This post is the first in a new feature in which we’ll focus exclusively on some of the most widely read works of literature. In each guide, we aim to compile resources for students and average readers of some famous, and sometimes famously difficult, books.
Very cool new features from Open Culture. How did I not know that you can get ebooks of 1984 for free?
To commemorate the 75th anniversary of Penguin Books, Penguin’s long-time creative director Paul Buckley chose 75 book covers that represent the best of what Penguin has produced over the course of the last decade, and investigated the design process behind each one. The exhibition will be open until September 16th 2013.
This is a fantastic idea.
I think anything that’s good about my writing comes from my resisting my desire for attention and approval. I can write shit that risks my readership, and the one thing that I know is that my readership is predominantly female. When I decided to finish this book about a real fucked-up scumbag cheater, I still remember the early notes I got back from my female friends when the book was done like, “Dude, you need to game it a little bit, make the female characters less from his selfish, narcissistic point of view.”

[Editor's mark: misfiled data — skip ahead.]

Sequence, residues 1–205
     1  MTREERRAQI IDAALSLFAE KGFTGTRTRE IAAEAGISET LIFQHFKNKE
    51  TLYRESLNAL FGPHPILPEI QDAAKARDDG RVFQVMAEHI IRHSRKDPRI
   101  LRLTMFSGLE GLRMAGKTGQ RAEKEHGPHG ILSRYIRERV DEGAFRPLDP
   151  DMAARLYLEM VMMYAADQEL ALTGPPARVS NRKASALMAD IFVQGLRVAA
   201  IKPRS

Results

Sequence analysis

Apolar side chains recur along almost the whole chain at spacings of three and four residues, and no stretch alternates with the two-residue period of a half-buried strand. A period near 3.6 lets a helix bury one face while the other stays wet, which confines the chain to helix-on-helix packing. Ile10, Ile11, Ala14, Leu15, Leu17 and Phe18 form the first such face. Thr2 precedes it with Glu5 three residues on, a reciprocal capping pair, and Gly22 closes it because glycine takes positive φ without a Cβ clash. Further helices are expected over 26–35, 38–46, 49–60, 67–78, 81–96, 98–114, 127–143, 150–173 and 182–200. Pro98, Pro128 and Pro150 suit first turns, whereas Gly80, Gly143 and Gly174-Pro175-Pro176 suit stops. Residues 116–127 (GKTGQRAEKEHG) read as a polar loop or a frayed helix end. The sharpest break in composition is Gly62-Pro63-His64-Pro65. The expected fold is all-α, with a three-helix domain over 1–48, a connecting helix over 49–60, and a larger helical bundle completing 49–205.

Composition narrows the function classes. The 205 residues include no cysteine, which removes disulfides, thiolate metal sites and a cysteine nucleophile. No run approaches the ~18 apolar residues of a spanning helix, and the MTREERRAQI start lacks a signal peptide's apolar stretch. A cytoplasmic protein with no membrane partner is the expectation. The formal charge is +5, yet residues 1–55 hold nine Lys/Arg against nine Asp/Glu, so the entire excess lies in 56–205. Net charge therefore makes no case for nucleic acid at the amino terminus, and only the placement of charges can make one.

Hard not to like Junot Diaz.
It also would not have happened if not for very unusual stipulation in Rowling’s contact, unheard of for first time screenwriters: Warner Bros. is not allowed to rewrite her script after she signs off on it, at least accordin to THR’s sources. If true, that’s a very gutsy move for Warner Bros. I say this with full appreciation of Rowling’s talents as a novelist: great novels and great screenplays are two different beasts.
If you’ve got leverage, use it.
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